Riding the shroom boom

Riding the shroom boom

Will LifeCykel’s liquid mushroom extracts change your life? Yeah, nah. But then again, maybe?

Remember Limitless? The Bradley Cooper movie, yeah? A quick recap: depressed man gets his hands on a magical pill that makes him smart, so he uses it to make heaps of money, get abs and impress girls. Oh, and some very bad people try to kill him. The end. Give the man an Oscar!

Though the ‘Limitless pill’ is fictional, it’s based on a category of drugs – both chemical and natural – known as nootropics. Essentially, nootropics are thought to enhance memory and cognitive functions. In other words: it make brain more good.

Mushrooms are an example of a natural nootropic; funghis aren’t just fun guys, they have all kinds of other properties that we’re only just starting to understand and the world has caught on in a big way. The ‘shroom boom’ is real and more and more people, and consequently businesses like LifeCykel, are taking it upon themselves to find out what’s really cooking in the mushroom kingdom.

Who are LifeCykel?

LifeCykel claim to be ‘an evolutionary focused mycelium biotechnology company that engineers positive solutions to real world problems.’ I came across them and their liquid mushroom extracts because a friend, who I consider to be reasonably intelligent, bought the company’s ‘Biohacker Set’ and decided to put a few drops of something in my beer one evening. It didn’t change my life, but it didn’t kill me either; so, without doing any further research, I decided to give them a crack.

I purchased a 60mL dropper bottle of ‘Lion’s Mane Liquid Extract’ for $42.53, giving me 30 days worth of liquid designed to guide me through my day and help me reach my state of flow. I just had to add it to my smoothie every morning and boom – I’m in the flow. Welcome to the Flow State. It’s that easy.

The flow state: a review

I had high hopes for my Lion’s Mane extract. After all, it has a 4.8 star average rating (from 381 reviews) on the LifeCykel website. The feedback ranges from Max, who saw ‘a noticeable improvement in mental clarity and a better ability to focus/gather thoughts,’ to Wendy, who apparently has a great deal of pain due to her spine and claims it ‘calms the nerves that are destroyed by the bulging discs.’ That’s huge. Others claim to enjoy deeper, more restorative sleep, vivid dreams and an increased ability to concentrate on work. Once again, that’s huge, that’s something to get excited about, but my experience was, ah, different. 

I religiously added the extract to my smoothie every morning and I felt...nothing. No heightened alertness, no increased levels of concentration. Halfway through the month I switched from taking the extract in the morning to the evening, and still, nothing. If anything, I slept worse, because I went to bed each night excited for the wonders of a dream-filled sleep. I didn’t wake up feeling more refreshed either. As for increased focus and concentration, I found that yes, I could focus for hours on a single task, but unfortunately that single task was stewing over how little effect the mushroom extract was having on my life.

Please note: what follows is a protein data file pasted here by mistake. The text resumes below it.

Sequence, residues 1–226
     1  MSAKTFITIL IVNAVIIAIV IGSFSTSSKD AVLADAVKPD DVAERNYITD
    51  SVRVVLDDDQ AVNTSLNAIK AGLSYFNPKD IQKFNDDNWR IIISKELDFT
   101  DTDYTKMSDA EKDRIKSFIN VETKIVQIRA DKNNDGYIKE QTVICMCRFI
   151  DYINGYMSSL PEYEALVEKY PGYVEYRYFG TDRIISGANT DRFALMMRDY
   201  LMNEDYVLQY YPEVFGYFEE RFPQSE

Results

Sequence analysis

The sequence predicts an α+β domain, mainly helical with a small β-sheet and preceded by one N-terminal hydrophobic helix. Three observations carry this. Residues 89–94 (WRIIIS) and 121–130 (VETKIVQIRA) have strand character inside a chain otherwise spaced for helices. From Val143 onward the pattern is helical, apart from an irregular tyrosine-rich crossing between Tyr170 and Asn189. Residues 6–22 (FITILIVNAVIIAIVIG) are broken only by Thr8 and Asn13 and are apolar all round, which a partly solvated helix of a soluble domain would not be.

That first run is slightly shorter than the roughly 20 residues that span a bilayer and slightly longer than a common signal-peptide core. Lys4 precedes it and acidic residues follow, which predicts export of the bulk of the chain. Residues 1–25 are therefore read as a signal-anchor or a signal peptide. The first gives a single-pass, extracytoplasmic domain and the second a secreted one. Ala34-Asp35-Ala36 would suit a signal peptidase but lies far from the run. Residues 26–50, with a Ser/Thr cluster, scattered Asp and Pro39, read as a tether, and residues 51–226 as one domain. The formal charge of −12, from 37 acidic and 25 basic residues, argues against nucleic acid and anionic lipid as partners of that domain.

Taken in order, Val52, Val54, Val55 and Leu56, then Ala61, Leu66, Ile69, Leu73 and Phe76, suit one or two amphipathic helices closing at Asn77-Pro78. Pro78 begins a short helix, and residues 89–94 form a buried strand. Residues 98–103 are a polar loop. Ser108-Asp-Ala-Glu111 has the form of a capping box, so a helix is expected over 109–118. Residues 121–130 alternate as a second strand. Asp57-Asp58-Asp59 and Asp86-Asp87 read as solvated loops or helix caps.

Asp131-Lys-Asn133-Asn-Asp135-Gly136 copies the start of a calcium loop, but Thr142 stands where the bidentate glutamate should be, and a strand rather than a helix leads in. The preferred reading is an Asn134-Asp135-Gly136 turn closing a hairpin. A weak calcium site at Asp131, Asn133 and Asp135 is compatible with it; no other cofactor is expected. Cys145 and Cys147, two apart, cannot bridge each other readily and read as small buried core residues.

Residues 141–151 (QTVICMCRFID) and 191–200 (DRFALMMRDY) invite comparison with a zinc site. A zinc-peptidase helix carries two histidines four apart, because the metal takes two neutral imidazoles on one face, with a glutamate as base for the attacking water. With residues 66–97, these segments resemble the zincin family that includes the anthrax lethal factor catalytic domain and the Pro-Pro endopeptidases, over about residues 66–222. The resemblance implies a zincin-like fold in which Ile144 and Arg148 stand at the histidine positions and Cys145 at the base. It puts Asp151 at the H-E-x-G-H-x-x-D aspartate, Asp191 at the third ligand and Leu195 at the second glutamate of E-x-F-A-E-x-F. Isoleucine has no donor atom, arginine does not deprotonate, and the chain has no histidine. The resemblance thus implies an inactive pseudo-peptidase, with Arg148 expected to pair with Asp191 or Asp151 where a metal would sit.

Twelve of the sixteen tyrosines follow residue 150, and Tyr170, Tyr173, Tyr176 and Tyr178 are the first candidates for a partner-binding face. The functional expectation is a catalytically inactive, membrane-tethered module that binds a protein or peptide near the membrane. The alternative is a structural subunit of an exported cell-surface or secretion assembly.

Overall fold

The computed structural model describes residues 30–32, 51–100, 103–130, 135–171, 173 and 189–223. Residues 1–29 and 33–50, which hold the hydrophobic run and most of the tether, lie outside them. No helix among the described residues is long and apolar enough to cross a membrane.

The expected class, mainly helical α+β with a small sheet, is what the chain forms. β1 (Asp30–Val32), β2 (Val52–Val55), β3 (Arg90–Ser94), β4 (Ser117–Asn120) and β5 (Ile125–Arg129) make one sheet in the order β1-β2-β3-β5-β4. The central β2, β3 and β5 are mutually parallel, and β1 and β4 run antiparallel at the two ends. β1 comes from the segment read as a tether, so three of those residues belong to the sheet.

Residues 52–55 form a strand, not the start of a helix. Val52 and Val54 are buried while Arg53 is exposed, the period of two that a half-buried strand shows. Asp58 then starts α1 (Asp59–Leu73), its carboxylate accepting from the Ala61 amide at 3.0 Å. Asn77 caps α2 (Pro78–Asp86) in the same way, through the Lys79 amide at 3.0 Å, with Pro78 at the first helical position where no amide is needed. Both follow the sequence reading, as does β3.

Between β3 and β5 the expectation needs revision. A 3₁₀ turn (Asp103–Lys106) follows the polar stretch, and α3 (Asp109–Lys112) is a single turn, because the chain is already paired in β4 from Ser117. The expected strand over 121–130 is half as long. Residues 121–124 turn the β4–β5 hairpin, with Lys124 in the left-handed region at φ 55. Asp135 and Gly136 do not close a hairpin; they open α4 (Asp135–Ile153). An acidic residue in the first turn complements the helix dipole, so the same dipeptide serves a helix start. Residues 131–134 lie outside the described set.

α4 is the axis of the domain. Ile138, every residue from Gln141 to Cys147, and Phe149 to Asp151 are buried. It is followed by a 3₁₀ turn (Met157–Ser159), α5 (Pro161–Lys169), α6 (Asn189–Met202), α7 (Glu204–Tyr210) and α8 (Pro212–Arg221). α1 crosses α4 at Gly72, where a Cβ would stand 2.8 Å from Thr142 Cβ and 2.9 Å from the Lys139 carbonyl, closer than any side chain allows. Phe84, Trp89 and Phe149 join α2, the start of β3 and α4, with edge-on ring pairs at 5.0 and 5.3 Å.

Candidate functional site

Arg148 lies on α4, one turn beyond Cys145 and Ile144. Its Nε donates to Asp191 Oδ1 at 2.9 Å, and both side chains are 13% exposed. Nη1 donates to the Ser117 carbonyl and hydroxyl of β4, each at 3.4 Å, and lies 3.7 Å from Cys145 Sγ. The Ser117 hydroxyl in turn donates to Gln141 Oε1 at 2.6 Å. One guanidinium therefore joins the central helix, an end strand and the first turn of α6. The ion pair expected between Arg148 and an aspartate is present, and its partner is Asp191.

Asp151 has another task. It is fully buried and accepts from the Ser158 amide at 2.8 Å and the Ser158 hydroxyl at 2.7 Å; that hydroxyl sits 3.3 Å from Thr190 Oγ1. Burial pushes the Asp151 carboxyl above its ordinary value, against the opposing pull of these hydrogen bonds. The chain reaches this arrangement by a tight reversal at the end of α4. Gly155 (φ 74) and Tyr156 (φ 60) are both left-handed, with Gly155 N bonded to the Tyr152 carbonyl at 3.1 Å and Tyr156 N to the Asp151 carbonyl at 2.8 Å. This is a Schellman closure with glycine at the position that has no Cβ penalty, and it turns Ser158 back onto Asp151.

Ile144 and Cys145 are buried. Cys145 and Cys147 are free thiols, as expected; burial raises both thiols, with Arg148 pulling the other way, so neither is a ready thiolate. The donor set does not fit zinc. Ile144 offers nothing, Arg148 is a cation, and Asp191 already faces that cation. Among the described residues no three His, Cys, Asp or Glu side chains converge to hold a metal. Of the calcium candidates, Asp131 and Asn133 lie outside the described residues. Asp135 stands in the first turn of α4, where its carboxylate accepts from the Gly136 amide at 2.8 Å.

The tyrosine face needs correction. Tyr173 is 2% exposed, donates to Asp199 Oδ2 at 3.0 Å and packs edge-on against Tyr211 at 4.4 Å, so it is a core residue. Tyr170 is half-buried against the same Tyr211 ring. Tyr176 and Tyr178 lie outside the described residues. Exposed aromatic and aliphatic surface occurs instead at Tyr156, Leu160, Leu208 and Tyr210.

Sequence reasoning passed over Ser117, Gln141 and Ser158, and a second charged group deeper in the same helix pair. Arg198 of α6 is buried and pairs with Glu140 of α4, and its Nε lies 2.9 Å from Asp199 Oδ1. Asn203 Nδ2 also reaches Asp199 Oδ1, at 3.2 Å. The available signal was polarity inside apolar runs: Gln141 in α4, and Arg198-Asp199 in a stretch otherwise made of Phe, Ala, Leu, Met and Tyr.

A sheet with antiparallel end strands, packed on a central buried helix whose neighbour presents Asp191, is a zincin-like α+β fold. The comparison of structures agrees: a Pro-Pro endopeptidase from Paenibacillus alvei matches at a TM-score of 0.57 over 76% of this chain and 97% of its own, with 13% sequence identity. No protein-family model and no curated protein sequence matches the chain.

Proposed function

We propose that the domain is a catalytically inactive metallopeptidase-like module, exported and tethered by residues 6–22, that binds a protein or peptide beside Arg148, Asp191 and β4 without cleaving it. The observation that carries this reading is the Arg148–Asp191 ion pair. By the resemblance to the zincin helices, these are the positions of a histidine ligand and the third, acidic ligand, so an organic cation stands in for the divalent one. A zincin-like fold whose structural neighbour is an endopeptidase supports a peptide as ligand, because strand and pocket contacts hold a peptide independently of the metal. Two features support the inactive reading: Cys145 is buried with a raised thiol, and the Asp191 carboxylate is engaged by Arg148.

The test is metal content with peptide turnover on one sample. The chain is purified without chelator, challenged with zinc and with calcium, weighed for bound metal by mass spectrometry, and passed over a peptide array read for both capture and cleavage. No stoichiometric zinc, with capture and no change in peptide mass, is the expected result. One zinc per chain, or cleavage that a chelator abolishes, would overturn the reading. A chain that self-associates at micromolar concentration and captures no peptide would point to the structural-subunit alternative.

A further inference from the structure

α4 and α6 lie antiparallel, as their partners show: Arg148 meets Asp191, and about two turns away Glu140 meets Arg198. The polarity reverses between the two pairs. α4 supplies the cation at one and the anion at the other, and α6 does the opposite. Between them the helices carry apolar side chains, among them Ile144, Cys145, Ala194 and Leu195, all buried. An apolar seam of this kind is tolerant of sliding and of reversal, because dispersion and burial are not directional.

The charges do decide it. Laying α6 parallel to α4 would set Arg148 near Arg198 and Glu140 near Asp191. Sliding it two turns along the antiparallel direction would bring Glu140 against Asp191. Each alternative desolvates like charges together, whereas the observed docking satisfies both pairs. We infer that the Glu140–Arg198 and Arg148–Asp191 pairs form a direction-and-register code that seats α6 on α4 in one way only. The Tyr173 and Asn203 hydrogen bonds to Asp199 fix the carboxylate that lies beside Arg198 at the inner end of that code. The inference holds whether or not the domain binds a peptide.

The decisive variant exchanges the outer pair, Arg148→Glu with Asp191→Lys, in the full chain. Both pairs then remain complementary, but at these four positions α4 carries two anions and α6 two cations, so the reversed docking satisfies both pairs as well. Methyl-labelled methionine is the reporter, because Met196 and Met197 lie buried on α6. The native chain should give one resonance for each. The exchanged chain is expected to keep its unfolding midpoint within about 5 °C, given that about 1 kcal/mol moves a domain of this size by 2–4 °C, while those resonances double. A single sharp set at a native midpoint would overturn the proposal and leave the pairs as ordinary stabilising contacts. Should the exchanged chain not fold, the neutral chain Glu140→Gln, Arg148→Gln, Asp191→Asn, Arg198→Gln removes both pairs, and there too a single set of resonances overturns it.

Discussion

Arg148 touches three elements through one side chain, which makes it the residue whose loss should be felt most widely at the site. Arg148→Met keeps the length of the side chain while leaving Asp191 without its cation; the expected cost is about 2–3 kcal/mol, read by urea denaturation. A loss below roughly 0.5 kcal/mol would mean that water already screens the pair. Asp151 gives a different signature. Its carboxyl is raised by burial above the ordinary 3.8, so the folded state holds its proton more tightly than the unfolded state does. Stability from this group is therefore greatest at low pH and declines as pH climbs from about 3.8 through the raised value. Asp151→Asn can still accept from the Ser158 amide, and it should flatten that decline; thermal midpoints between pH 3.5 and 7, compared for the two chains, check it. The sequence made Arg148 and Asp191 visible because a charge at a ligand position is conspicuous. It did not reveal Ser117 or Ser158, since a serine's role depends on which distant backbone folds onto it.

The verdict

It’s a strong no from me. The research out there says that Lion’s Mane can help stimulate nerve growth in the brain and may be a possible treatment for low levels of depression and anxiety, which is cool, but I have neither depression nor anxiety – though sometimes I dabble, like everyone – so there’s no real way of testing those claims. There are tons of reviews online claiming that Lion’s Mane has changed their lives and I don’t see how they can all be lying. Is it a placebo effect? A total scam?  

What I did find during my research, which I probably should’ve conducted before purchasing anything, is that the liquid extracts are thought to be a bit of a marketing gimmick. Apparently you’re paying for a useless liquid that dilutes the strength of the mushroom. The powder extracts, on the other hand, are thought to be more reliable options, though I’m sure that Wendy and her bulging discs would argue the opposite. Like I said, I think it’s unlikely that you can ‘hack’ your biology, otherwise everyone would be doing it. And I’m also wary about anything that plasters the words ‘Byron Bay’ on their packaging. Also, I’ll be sticking to consuming mushrooms the way the good Lord intended them, scattered across a life-changing pizza.


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